Influencers, De-Influencing, and Why Buying LESS Is the Counterintuitive Secret To Having More


Maybe every generation before us has felt this way, but we’re in kind of a weird and unprecedented time, aren’t we? Last week, we were on a family vacation and I don’t remember how the conversation got started, but my dad turned to my sister and said, “I don’t really get the whole influencer thing.”

My sister explained to him that influencers sell a lifestyle. They sell themselves. People buy what they’re selling because they find something in them that they desire: beauty, luxury, edge, adventure, confidence.

From the original Mad Men of advertising to celebrity endorsements, companies have always used buyer psychology to influence our purchasing decisions. We’re sold a lifestyle every time we see those picture perfect couples on Christmas morning with the new Mercedes SUV in the driveway wrapped up in a big, shiny, red bow. I get emails from Vogue magazine every day with headlines like, “J.Lo Wears This Dramatic Accessory While Shopping In Capri”. We’re made to want what other people have. Social media influencers are simply the latest iteration of age old advertising.

Maybe you’ve succumbed to the influencer craze. If so, you’re not alone. The influencer industry, as we know it today, has exceeded 21 billion dollars and more than doubled in size since 2019. Perhaps you’ve gotten sucked into the even newer de-influencing trend, scrolling TikTok videos and Instagram reels for products people tell you NOT to buy… and often, what to buy instead. Yeah, that’s a sneaky one. It’s like the Matrix of social selling!

Whether you frequent the feeds of a handful of carefully selected micro-influencers or whether you distrust anyone selling anything on social media, we need to navigate this era of online shopping with greater intention. So in today’s episode, I’m breaking down my thoughts on influencer marketing, the de-influencing trend, and why buying LESS is the counterintuitive secret to having more.

The Issue with Overconsumption

I’ve confessed my own history as a shopaholic on past podcast episodes. And for the longest time, I thought this pattern worked for me.  Get bored?  Buy something new!  Problem solved!  Working in the fashion industry only amplified this habit.  I put a lot of pressure on myself to have the latest and greatest, to have a new outfit every time my husband and I went on a vacation or to an event or out with friends.  I couldn’t possibly be photographed in the same outfit twice!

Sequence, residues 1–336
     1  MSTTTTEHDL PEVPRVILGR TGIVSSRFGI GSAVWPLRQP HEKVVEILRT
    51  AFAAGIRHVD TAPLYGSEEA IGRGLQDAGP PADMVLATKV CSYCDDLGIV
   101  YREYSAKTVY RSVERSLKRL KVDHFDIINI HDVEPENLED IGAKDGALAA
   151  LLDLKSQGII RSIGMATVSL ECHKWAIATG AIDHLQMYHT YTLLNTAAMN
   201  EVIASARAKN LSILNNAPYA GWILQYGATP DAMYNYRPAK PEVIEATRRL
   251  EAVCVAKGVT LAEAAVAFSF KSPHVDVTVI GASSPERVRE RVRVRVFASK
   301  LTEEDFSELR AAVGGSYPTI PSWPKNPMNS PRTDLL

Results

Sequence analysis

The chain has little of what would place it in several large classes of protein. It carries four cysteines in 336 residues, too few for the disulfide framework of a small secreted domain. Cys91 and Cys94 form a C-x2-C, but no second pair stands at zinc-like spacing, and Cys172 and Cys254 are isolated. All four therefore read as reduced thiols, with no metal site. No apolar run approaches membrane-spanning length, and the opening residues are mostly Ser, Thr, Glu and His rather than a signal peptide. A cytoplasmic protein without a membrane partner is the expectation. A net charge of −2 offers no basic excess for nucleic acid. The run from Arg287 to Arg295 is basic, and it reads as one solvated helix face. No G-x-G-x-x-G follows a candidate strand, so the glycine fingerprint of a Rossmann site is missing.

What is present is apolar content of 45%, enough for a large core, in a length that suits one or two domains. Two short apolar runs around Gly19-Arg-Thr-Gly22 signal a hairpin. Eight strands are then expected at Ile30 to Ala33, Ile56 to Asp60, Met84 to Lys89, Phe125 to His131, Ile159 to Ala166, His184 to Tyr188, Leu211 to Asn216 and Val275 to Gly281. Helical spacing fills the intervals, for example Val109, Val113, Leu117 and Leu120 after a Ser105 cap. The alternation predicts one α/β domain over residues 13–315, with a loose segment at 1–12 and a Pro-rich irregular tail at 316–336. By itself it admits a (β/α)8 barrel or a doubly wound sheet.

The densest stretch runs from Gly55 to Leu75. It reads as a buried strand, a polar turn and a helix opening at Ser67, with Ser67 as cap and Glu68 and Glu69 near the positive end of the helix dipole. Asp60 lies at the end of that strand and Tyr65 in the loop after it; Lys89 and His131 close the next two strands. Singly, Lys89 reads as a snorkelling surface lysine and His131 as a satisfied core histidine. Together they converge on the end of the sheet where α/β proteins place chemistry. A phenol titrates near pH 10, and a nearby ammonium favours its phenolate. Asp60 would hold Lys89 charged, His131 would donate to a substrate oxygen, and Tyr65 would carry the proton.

But what I ended up with was a closet full of clothes and nothing to wear… and a bank account in the red.  (Thankfully, I never accrued credit card debt, but I definitely overdrew my account more than once!)

Overconsumption is a real issue, maybe more than ever. I found a few jaw-dropping statistics that speak to this…

– Fashion consumers buy over 80 billion new pieces of clothing every year. This is over 400% more than what we consumed just two decades ago. (True Cost website)

– While sales have multiplied year after year, the average number of times an item was worn decreased by 36% overall since 2000.  (Ellen MacArthur Foundation)  Essentially, we’re buying more and wearing it less.

– It’s been forecasted that global online retail sales will exceed $7 trillion dollars by 2025. (

The Influencer Effect

A large contributor to these statistics is the rise of the influencer culture.  During and following the pandemic, we’re all spending a lot more time on social media, shopping online, and shopping as a way to boost our moods in general.  Things have been really hard over the last few years.  And for so many of us, the shopping cycle has been one way to cope.  

When we see other people’s highlight reels, flawless selfies, and enviable #OOTD posts, it’s natural to want a piece of it for ourselves.  It’s easier to copy someone else’s style or shorten the learning curve and add whatever they loved from their latest haul into our own carts.  Easy peasy! 

I talked in episode 18: Who’s Influencing Your Style? about the importance of following people for fashion inspiration who represent you well in terms of body type, personal coloring, budget, and lifestyle.  So if you’re making intentional choices about where you’re taking your style cues, this isn’t necessarily a bad thing.  

But are you really doing that?  Are you really thinking about whose advice you’re taking?  I’m not just talking about whether these people and their product recommendations are unbiased and trustworthy.  Are you making sure you actually need what you’re tempted to buy?  Is everything you love about their outfit translating perfectly to you, your tastes, and the gaps in your wardrobe?

Are you buying just to buy?  Are you filling a void in your wardrobe?  Or are you filling a void in your life?  

WHY are you shopping?  And why are you letting other people have such a strong influence on where your spending dollars go?

Is this actually working for you?  Maybe it is.  If it’s not, let’s find the solution.